(approx) 3 Hours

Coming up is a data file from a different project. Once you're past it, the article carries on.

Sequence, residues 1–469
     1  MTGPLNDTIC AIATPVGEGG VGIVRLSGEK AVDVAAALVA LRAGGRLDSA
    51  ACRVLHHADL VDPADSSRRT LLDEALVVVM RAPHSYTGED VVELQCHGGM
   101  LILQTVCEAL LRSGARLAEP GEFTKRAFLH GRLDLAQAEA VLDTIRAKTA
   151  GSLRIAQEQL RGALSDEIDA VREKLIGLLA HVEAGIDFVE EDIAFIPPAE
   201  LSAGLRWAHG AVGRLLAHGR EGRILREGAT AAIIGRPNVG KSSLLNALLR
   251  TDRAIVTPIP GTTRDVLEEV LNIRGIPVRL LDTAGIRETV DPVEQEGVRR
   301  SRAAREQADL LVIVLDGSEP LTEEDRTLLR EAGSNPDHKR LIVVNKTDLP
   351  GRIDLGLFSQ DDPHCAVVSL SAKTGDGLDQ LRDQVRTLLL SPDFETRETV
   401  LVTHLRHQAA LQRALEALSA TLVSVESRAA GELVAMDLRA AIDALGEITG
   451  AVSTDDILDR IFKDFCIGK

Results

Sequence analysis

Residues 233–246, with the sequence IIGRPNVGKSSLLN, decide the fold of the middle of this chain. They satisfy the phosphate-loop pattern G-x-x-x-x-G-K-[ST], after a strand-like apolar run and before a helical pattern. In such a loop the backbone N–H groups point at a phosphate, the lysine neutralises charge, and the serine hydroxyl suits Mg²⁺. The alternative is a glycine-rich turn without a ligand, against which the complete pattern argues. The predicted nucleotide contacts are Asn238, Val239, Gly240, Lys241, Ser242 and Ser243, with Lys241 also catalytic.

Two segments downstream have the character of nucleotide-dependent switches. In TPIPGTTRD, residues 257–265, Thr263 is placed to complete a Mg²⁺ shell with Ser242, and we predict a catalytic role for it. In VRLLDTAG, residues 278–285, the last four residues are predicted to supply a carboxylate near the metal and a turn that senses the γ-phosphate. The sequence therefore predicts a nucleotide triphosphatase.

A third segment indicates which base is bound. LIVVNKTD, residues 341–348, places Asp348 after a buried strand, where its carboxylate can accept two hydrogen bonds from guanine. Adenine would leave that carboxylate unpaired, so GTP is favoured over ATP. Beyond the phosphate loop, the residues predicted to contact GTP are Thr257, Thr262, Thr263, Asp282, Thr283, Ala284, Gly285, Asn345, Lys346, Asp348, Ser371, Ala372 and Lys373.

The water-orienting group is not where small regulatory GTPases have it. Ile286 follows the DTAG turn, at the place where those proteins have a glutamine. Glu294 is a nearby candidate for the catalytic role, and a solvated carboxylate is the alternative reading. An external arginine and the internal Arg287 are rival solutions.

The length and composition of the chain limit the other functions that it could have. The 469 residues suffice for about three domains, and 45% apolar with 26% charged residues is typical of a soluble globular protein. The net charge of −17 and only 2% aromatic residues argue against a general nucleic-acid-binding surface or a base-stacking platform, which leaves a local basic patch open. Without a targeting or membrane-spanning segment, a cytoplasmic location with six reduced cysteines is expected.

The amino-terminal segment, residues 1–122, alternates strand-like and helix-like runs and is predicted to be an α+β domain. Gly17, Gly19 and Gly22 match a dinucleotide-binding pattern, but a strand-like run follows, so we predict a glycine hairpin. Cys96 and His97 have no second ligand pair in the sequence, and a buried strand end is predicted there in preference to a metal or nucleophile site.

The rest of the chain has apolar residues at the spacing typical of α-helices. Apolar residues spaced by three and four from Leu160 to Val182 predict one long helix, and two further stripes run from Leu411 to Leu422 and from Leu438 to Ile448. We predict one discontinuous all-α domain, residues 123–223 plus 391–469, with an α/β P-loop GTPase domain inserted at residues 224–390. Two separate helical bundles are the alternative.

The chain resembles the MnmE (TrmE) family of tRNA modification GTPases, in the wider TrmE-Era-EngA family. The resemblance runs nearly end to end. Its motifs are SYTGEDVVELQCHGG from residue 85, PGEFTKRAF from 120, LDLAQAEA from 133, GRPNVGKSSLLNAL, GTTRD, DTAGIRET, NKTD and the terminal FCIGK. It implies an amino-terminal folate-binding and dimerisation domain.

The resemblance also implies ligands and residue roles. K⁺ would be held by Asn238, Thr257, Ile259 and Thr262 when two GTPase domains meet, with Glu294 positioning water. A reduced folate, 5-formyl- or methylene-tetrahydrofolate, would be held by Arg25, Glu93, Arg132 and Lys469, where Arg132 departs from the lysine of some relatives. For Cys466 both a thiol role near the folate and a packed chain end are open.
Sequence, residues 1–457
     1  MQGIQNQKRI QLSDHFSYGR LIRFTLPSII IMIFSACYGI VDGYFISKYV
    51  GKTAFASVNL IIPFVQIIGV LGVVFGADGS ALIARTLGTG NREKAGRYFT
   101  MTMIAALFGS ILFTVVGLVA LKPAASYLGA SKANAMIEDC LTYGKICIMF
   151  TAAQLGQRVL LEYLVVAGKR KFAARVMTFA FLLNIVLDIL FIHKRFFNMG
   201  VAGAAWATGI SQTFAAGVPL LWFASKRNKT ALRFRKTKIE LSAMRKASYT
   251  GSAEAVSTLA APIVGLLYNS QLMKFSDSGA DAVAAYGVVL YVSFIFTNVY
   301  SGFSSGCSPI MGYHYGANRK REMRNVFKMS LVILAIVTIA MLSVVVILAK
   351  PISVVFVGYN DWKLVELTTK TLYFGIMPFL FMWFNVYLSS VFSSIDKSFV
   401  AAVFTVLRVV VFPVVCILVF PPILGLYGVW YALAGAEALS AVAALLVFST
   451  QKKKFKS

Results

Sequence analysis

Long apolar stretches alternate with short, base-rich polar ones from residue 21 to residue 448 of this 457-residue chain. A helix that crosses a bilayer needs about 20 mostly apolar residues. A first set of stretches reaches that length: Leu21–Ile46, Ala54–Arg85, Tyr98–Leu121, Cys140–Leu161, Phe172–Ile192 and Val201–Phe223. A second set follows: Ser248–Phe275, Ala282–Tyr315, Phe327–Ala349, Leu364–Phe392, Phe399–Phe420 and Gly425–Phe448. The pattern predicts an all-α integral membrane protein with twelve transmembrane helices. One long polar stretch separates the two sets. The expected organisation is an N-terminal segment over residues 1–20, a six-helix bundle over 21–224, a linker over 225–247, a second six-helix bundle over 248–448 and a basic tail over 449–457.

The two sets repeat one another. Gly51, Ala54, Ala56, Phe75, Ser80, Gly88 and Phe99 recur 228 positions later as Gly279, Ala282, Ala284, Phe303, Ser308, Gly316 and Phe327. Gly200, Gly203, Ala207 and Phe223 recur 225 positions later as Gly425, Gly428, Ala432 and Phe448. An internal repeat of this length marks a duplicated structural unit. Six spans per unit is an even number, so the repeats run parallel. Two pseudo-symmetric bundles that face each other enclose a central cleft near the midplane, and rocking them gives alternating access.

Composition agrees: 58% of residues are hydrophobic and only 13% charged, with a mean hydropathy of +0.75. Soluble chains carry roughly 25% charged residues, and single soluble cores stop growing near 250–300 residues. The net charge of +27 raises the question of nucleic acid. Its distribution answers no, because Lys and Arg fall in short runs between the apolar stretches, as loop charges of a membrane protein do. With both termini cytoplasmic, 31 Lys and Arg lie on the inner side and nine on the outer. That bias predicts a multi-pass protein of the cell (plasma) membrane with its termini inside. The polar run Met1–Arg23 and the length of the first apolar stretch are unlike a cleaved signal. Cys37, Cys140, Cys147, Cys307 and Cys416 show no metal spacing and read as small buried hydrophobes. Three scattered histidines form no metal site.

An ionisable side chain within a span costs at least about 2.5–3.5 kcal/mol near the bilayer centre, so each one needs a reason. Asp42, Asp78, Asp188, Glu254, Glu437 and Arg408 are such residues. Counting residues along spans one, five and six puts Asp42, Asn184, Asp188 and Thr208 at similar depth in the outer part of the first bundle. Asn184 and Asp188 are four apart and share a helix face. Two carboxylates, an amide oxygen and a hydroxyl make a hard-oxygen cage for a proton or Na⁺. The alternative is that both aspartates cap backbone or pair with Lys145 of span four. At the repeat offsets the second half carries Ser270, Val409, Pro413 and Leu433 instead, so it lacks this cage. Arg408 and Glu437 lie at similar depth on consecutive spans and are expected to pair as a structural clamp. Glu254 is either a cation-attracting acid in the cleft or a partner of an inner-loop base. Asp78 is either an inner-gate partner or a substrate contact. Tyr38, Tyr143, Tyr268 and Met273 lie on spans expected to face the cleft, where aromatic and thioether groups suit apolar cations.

Light to Moderate mechanical skill required.